Oxynoemacheilus axylos, Yoğurtçuoğlu & Kaya & Freyhof, 2022

Yoğurtçuoğlu, Baran, Kaya, Cüneyt & Freyhof, Jörg, 2022, Revision of the Oxynoemacheilus angorae group with the description of two new species (Teleostei: Nemacheilidae), Zootaxa 5133 (4), pp. 451-485 : 472-477

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https://doi.org/ 10.11646/zootaxa.5133.4.1

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scientific name

Oxynoemacheilus axylos

sp. nov.

Oxynoemacheilus axylos , new species

( Figs. 14–16 View FIGURE 14 View FIGURE 15 View FIGURE 16 )

Holotype. FFR 15616, 66 mm SL; Turkey: Konya prov.: spring at Baltalı in 30 km east of Haymana , 39.2393 32.7501. GoogleMaps

Paratypes. FFR 15602, 30, 39–73 mm SL ; FFR 15620, 3, 62–67 mm SL; same data as holotype GoogleMaps .

Additional material. FFR 15601, 3, 51–79 mm SL; Turkey: Aksaray prov.: Melendiz River under the bridge on the road from Gülağaç to Kızılkaya, 38.3549 34.2296. GoogleMaps —FFR 15603, 2 , 58–66 mm SL; Turkey: Aksaray prov.: a tributary of Melendiz River at Gülağaç, 38.3910 34.3527. GoogleMaps —FFR 15604, 12 , 28–64 mm SL; Turkey: Konya prov.: spring Pınarbaşı at İnsuyu, 38.7375 32.7041. GoogleMaps FSJF 1861 , 10 , 41–52 mm SL; Turkey: Konya prov.: İnsuyu stream about 1 km downstream of Pınarbaşı, 38.7206 32.7249. GoogleMaps FSJF 2530 , 24 , 54–80 mm SL; Turkey: Konya prov.: stream north of Sarı Yayla, draining to former Lake Samsam , 39.1189 32.7592. GoogleMaps FSJF 2609 , 6 , 43–67 mm SL; Turkey: Aksaray prov.: stream at Gölyazı, at road from Eskil to Cihanbeyli, 38.5526 33.2009. GoogleMaps FSJF 3208 , 29 , 49–83 mm SL; Turkey: Aksaray prov.: Melendiz River at Ihlara, 38.2359 34.3119 GoogleMaps .

New material used in molecular genetic analysis. FSJF-DNA 1078 ; Turkey: Konya prov.: stream north of Sarı Yayla, draining to former Lake Samsam , 39.1189 32.7592 (GenBank accession numbers: ON123706 View Materials , ON123707 View Materials , ON123708 View Materials ) GoogleMaps .

Additional distribution records. Kelleci et al. 2021: 38.1041 34.2746, 38.1156 34.1239, 38.1217 34.2310, 38.1502 34.1841, 38.1601 34.1718, 38.1716 34.0306, 38.1934 34.1426, 38.2152 34.1309, 38.4924 34.0729; unpublished records: 38.3263 34.2408, 38.4775 34.3569, 38.4800 34.3600, 38.6725 32.8481.

Diagnosis. Oxynoemacheilus axylos is distinguished from other species of O. angorae group by a combination of characters, none unique. It is distinguished from O. eregliensis by possessing of an elevated and prominent dorsal and ventral adipose crest (vs. crests absent or very shallow), with a convex margin in most individuals (vs. margin of adipose crest straight), the dorsal crest reaching or exceeding the vertical of the anal-fin base (vs. dorsal adipose crest reaching behind vertical of posterior anal-fin base). Oxynoemacheilus axylos is further distinguished from O. eregliensis by possessing an almost truncate or very slightly emarginate caudal-fin (shortest middle caudal-fin ray 88–98% of the longest ray of the upper caudal-fin lobe vs. 83–91%), a deep caudal peduncle (caudal peduncle depth 1.2–1.6 times in its length vs. 1.5–1.9), and the flank usually with irregularly set and shaped, confluent, small blotches and spots forming a mottled pattern; rarely with larger blotches forming a marbled pattern (vs. flank usually with irregularly set and shaped, distinct, large blotches forming a marbled pattern).

The new species is distinguished from O. angorae by having a mottled flank or a pattern of irregularly shaped large roundish, irregular blotches (vs. a series of dark-brown midlateral blotches usually fused into a wide, irregularly shaped midlateral stripe, rarely a mottled pattern), no depigmented stripe along the anterior part of the lateral line (vs. usually present), a shorter caudal peduncle (caudal peduncle length 14–18% SL vs. 17–21%), and the dorsal part of the head and the upper part of the cheek with a vermiculate or marbled pattern (vs. mottled). Oxynoemacheilus axylos is distinguished from O. anatolicus by lacking saddles on the pre-dorsal back, usually having a dark-brown, fine mottled pattern (vs. usually 3–4 saddles), and few isolated scales on the flank in front of the dorsal-fin origin (vs. flank completely covered by densely set scales).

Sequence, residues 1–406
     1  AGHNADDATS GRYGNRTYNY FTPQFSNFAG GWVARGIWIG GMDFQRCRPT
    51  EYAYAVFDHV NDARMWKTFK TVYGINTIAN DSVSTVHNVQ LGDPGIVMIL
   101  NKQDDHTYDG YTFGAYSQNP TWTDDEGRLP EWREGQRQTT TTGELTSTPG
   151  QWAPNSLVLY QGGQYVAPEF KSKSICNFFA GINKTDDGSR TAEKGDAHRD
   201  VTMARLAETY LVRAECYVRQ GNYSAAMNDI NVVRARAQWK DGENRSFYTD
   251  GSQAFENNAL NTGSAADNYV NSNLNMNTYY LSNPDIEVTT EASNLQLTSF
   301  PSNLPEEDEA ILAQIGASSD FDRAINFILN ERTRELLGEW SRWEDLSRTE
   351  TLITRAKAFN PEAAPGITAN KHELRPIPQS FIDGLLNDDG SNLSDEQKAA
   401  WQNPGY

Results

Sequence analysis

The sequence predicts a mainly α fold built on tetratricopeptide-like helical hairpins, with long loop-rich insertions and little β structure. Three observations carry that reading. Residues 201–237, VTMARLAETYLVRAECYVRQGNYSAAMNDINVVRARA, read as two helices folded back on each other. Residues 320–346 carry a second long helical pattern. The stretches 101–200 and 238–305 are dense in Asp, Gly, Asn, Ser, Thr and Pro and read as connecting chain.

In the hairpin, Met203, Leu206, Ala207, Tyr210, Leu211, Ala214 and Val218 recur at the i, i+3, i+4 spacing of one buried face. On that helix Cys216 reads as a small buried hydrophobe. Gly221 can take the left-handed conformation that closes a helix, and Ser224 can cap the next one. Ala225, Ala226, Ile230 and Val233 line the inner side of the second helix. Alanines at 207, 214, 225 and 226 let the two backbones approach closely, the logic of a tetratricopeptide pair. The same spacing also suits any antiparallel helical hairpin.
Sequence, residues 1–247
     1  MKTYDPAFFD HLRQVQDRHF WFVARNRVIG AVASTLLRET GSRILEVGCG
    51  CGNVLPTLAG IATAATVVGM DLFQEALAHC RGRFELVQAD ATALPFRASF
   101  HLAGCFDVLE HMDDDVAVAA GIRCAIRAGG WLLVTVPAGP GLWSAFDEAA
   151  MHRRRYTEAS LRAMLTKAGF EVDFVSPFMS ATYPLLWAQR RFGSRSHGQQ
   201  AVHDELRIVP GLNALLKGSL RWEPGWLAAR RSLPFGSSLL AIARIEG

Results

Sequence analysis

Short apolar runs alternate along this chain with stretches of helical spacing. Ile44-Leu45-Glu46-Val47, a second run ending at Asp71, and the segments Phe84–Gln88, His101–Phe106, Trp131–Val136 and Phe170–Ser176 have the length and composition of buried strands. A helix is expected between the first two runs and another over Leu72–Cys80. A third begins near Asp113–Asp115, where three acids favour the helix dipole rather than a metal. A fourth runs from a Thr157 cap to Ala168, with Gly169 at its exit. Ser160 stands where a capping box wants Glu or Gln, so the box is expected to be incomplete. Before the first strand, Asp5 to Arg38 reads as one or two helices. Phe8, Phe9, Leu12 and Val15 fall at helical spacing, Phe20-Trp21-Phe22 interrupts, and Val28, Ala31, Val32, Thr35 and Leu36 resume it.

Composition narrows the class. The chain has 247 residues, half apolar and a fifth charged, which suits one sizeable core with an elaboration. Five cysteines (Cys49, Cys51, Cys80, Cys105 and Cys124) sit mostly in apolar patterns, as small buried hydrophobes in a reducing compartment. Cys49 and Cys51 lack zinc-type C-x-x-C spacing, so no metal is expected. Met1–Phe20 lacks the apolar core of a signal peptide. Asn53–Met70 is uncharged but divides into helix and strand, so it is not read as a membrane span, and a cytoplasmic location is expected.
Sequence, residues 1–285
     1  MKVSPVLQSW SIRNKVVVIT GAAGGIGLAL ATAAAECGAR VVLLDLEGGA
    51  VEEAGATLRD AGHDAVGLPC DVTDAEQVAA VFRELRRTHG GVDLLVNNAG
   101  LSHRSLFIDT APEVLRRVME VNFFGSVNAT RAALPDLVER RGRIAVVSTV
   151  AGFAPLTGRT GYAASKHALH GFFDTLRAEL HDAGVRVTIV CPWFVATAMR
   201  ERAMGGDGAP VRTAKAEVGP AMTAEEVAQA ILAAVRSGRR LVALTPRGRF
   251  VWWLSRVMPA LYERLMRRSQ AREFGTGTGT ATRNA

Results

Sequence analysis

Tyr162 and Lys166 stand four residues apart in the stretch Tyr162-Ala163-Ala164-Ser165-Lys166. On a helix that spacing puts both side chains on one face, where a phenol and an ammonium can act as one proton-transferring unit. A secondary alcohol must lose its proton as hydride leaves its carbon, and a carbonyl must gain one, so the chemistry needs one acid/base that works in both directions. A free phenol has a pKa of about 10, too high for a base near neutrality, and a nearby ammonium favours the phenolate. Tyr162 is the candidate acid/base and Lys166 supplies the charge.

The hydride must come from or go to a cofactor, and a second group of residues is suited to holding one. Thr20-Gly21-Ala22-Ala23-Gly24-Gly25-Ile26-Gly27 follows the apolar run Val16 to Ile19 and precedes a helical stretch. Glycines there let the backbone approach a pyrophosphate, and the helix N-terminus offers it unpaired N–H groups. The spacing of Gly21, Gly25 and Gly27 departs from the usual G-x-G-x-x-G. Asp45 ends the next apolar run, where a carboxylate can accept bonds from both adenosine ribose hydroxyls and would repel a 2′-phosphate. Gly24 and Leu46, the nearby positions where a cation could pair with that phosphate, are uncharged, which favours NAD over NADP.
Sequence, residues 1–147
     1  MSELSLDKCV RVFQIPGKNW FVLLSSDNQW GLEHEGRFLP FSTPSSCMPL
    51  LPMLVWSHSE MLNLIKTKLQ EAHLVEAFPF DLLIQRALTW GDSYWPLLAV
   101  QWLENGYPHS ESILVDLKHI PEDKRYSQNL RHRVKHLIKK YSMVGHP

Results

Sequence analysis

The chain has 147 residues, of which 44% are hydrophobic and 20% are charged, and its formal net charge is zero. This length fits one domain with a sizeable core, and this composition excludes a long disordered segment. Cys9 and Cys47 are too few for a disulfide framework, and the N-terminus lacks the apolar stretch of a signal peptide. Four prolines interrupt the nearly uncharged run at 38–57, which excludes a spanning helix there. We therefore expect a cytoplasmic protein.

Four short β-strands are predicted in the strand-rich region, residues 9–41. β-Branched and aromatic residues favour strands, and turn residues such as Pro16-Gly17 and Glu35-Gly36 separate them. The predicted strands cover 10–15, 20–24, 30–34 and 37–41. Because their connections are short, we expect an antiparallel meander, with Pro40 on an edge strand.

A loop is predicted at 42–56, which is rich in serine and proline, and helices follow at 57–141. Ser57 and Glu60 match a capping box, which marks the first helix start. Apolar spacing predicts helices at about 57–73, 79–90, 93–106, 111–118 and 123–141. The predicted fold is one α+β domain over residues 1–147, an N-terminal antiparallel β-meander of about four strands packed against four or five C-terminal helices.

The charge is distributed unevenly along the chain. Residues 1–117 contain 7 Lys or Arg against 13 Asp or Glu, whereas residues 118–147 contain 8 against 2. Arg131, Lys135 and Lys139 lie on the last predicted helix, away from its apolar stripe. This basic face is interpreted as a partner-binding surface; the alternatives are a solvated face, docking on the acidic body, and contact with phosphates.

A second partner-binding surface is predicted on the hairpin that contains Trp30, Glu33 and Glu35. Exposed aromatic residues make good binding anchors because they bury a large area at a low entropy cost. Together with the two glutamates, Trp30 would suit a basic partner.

Oxynoemacheilus axylos is distinguished from O. germencicus , O. isauricus , O. mediterraneus , O. nasreddini , and O. theophilii by having a very slightly emarginate or almost truncate caudal fin (middle caudal-fin ray 88–98% of length of the longest caudal-fin ray vs. emarginate or deeply emarginate, 72–82 in O. germencicus , 71–85 in O. isauricus , 65–76 in O. mediterraneus , 76–91 in O. nasreddini , 71–80 in O. theophilii ). The new species is further differentiated from O. germencicus and O. isauricus by having an elevated dorsal adipose crest (vs. shallow or absent), often with a convex margin (vs. margin straight), reaching or exceeding the vertical of the anal-fin base (vs. reaching behind vertical of the posterior anal-fin base), a stouter caudal peduncle (caudal peduncle depth 1.2–1.6 times in its length vs. 1.5–1.8 in O. germencicus ; 2.2–2.6 in O. isauricus ), and no scales on the belly (vs. few scales between pelvic fins in O. germencicus ). Oxynoemacheilus axylos is further distinguished by having a mottled flank, marbled or with large roundish irregular blotches in some individuals (vs. usually a series of vertically elongated blotches along the lateral midline in O. mediterraneus ), a stouter caudal peduncle (caudal peduncle depth 1.2–1.6 times in its length vs. 1.5–2.1 in O. nasreddini ), no scales on the belly (vs. with few scales between pelvic fins in O. nasreddini and O. theophilii ). A slowly decreasing body depth between the dorsal-fin base and the anterior end of the adipose crest (vs. not decreasing, i.e. the ratio of body depth at dorsal fin base to the body depth at caudal fin base is equal or almost equal to 1 in O. theophilii ).

Description. See Figures 14–16 View FIGURE 14 View FIGURE 15 View FIGURE 16 for general appearance and Table 3 View TABLE 3 for morphometric data. Medium sized and moderately slender species. Head long, body depth at dorsal-fin origin 1.1–1.4 times in head length. Body deepest at dorsal-fin origin and widest at pectoral fin base. A prominent hump at nape in many individuals. Body depth slowly decreasing between anterior dorsal-fin bases, until anterior anal-fin base. Section of head roundish, flattened on ventral surface, slightly convex or straight in interorbital space and on snout. Snout roundish. Caudal peduncle compressed, 1.2–1.6 (mean 1.4) times longer than deep. A rudimentary pelvic axillary lobe, attached to flank, absent in some individuals. Pelvic-fin origin below first or second branched dorsal-fin ray. Anal-fin origin posterior to vertical of midline between dorsal and caudal-fin origins. Pectoral fin reaching to approximately 60–70% of distance from pectoral-fin origin to pelvic-fin origin in female and 65–80% in male. Pelvic fin usually reaching anus, not reaching to genital papillae; reaching vertical of tip of last dorsal-fin ray. Anus about 20–50% of an eye diameter anterior to anal-fin origin. Anal fin not reaching caudal-fin base. An elevated and prominent dorsal and ventral adipose crest on caudal peduncle, with a convex margin in most individuals, dorsal crest reaching or exceeding vertical of anal-fin base. Largest known individual 83 mm SL.